“Millions of people across the country will get up today, leave their families and travel to work to carry out jobs that we all depend on. They will care for people, serve us food, clean the spaces that we all use and share. They will do more than a fair day’s work, but they won’t get a fair day’s pay.”
So said the Archbishop of York John Sentamu, writing in The Observer yesterday. What the Bishop didn’t mention is that some of those people will not receive any pay at all. In fact they could even be working – under threat of benefit sanctions – for the YMCA, the organisation of which he is the president.
Despite the Bishop condemning poverty pay, the organisation he heads uses workfare at both a national and local level. Throughout the country people are mopping floors, stacking shelves and serving customers in YMCA charity shops without being paid a penny. These people are the opposite of volunteers – they have been forced to work for no pay under the threat of brutal benefit sanctions on the Mandatory Work Activity (MWA) scheme.
Benefit sanctions can now last up to three years and mean children going hungry and rent going unpaid. Claimants are left in a desperate limbo, unable even to afford to look for work whilst they have no money for clothes, fares, stamps, phone calls and internet access. The end result is often crippling debt as both legal and illegal loan sharks cash in on the poverty created by sanctions.
This is what people face should they refuse a referral to mandatory work with the YMCA. Despite this the charity claims they believe people referred “should still be offered a choice about where the placement is undertaken and if at all possible, the placement should reflect their personal interests or skills.”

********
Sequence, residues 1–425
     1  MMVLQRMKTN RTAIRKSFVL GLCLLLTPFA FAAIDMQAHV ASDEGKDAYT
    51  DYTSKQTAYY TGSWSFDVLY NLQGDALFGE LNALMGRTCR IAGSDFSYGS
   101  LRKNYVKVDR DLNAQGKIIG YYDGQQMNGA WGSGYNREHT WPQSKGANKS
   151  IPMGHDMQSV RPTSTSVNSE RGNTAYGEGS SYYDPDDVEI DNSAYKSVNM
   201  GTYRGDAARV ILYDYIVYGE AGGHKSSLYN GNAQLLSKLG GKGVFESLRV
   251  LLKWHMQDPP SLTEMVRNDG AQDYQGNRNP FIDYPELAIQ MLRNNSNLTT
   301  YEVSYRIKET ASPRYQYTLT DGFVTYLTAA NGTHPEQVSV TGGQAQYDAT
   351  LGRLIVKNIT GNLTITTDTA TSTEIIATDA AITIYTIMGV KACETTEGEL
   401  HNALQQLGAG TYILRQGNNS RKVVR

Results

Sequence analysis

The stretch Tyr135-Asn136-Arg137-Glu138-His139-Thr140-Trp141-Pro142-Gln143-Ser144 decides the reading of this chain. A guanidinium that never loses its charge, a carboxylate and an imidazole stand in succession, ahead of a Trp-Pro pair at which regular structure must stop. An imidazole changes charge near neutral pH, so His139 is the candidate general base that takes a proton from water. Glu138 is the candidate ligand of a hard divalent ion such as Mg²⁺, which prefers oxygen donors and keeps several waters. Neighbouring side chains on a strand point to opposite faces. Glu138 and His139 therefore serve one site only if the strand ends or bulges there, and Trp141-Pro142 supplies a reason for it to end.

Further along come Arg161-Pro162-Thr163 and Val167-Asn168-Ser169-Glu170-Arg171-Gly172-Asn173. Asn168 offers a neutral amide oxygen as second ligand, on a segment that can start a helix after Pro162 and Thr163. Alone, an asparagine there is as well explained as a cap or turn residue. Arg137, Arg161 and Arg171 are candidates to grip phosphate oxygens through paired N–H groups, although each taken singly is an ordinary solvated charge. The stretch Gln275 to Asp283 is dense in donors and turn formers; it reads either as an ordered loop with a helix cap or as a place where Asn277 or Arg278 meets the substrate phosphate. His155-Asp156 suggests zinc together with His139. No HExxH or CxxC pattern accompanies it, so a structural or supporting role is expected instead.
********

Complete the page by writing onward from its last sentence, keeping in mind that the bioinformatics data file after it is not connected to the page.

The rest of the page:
This shows a gross misunderstanding of this form of workfare which is used as a punishment aimed at those people that Jobcentre advisors have decided aren’t trying hard enough to find work. Not trying hard enough could mean refusing another form of workfare, or not using the spam, scam and spoof ridden government website Universal Jobmatch to the extent required. The Social Security Advisory Committee – who scrutinise social security legislation – warned that disabled people or those with a caring responsibility are likely to be the most vulnerable to sanctions handed out for being unable to attend Mandatory Work Activity (PDF).
The Archbishop has been silent on the use of not just low paid but unpaid workers by his own organisation. This is not the first time John Sentamu has been guilty of breath taking hypocrisy on the question of workfare. Astonishingly he has previously condemned workfare directly: “By all means, pay companies incentives to employ young people, but do not take advantage of the vulnerable by using them as free labour.”
The YMCA, along the The Salvation Army, are one of the few charities left involved in the repugnant MWA scheme after most decent charities pulled out in disgust. These two so called Christian charities never see the horrific suffering they cause when they report a claimant to the DWP for failing to attend forced labour in one of their shops. This means they pretend they have no part in the brutality of benefit sanctions that they are directly responsible for initiating.
In The Observer this weekend Sentamu says that “what workers really need is pay, not platitudes”. Yet he is still quite happy to give his name to an organisation which has become one of the last remaining cheerleaders in the charitable sector for forced unpaid work. If the Archbishop really cared about low pay or workfare then he would force the YMCA to change course – or resign.
Sentamu ends his piece with an appeal to the low paid, and presumably unpaid, by announcing “If you are paid less than the living wage, I want to hear from you.”
If you have been forced to attend or face mandatory workfare then why not join the Archbishop’s “national conversation about low pay in Britain”.
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